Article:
Last week saw markets continuing to respond to headlines like Pavlov's Dog did the dinner bell. Take last Friday's news that the U.S. could de-list Chinese companies from U.S. exchanges. Equities went from positive territory into a steep, downward slide.
Earlier in the week, impeachment talk had sent investors scurrying like rats from a sinking ship. Until they realized that Republicans still control the Senate. Which likely renders any such proceedings more Kabuki Theater than serious political drama. With less attention being paid to potential outcomes than on the circus leading up to it.
Still, September's ferocious reputation as the "Year's Worst Month for Stocks!" proved rather benign. The S&P 500 finished two percent higher. And most indices re-established the upward trendlines in place prior to July's declines.
Of course, regardless of the market's direction, the broader narrative remains fixated on global economic malaise and "the coming recession." In fact, investors cannot turn in any direction without bumping into a cavalcade of expert pundits speculating upon the future direction of stocks. None of whom have a track record that would deserve any more respect than the Mayan Apocalypse proselytizers of 2012. Even though market prognosticators essentially have a 50 percent change of eventually being correct. Yet, still investors listen. Allowing the apocalyptic cacophony to influence decision making time and again.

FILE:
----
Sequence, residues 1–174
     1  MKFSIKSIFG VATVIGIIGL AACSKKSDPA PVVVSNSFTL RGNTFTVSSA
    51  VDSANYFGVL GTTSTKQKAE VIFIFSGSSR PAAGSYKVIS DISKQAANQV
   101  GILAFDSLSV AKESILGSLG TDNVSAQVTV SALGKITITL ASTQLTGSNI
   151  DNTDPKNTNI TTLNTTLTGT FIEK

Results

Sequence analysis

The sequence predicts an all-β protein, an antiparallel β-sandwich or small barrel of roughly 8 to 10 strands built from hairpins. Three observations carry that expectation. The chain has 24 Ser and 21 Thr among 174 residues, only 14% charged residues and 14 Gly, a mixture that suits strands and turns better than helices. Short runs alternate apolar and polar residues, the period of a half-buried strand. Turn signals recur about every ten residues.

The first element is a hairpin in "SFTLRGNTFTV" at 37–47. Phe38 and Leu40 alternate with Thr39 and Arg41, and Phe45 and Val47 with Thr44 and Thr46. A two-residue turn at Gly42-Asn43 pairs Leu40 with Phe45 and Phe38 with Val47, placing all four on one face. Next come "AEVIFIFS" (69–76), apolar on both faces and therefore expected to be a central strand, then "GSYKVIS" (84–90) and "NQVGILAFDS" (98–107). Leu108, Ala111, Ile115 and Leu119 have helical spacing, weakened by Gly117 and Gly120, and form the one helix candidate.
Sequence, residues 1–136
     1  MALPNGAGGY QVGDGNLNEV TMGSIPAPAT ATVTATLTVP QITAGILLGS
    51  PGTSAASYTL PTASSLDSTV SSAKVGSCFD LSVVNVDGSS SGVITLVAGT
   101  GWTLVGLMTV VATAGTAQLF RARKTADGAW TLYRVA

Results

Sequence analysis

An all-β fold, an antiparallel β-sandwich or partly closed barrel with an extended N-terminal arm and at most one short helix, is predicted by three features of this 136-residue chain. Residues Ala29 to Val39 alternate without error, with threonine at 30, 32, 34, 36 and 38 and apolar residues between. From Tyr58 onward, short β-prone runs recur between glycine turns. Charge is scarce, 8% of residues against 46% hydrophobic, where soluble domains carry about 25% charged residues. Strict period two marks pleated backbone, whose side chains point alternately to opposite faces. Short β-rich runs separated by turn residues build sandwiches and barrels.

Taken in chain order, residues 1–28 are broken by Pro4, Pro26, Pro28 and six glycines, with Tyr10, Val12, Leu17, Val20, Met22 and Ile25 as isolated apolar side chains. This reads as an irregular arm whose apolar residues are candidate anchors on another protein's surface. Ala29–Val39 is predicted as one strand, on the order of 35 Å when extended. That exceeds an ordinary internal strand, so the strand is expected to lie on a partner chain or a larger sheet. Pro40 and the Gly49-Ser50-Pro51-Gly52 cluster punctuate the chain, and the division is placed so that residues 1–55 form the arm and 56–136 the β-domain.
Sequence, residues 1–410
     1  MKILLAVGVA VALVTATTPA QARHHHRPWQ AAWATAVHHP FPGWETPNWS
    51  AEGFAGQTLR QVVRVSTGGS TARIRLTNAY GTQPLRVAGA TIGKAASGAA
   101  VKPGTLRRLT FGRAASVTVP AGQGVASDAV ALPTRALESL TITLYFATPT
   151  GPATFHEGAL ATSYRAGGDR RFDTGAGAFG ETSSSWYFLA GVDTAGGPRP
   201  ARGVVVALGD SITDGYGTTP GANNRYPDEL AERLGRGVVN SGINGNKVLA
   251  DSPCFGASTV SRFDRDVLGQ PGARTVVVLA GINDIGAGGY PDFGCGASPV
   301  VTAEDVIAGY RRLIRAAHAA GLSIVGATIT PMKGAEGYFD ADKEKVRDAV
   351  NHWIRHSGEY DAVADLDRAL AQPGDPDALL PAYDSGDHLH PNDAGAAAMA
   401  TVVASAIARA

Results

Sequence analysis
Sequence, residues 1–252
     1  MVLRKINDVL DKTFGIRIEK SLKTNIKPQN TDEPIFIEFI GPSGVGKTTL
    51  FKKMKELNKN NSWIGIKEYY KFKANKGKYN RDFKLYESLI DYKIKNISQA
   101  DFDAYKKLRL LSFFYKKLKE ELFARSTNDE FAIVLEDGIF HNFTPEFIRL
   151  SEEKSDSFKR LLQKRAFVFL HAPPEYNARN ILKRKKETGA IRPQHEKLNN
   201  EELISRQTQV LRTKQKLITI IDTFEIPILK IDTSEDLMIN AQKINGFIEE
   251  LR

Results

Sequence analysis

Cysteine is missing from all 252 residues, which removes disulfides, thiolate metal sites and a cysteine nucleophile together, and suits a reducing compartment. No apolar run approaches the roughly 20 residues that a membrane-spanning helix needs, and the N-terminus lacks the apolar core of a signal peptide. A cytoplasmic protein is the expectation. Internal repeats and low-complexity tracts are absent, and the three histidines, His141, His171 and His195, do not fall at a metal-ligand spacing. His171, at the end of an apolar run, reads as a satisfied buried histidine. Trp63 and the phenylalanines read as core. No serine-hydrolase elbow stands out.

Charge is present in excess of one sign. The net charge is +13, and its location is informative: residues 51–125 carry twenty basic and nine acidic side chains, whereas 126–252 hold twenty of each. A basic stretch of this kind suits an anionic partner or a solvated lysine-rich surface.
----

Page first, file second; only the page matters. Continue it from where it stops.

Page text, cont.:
This is not how effective decision making occurs. For that, consider Houston Astros General Manager Jeff Luhnow.
After leading multiple enterprises in Silicon Valley, Luhnow worked as a consultant for Mckinsey & Company. Only then was he lured to Major League Baseball. Putting his talents for analytics, data mining and decision sciences to work for the St. Louis Cardinals before he was hired to turn around the Houston Astros.
Had Luhnow acted like most investors when he assumed the reigns of MLB's worst franchise in 2011, the "Disastros" would still likely be mired in 100 loss seasons, instead of having won the 2017 World Series. Setting the standard for modern-day MLB success. And entering the current post-season as favorites to win it all yet again.
Luhnow took over a team riddled with failure and implemented two critical components: 1) A focus on process, not outcomes; 2) A growth mindset throughout the organizational culture. Which is to say, an obsession with constant improvement at every level throughout the organization.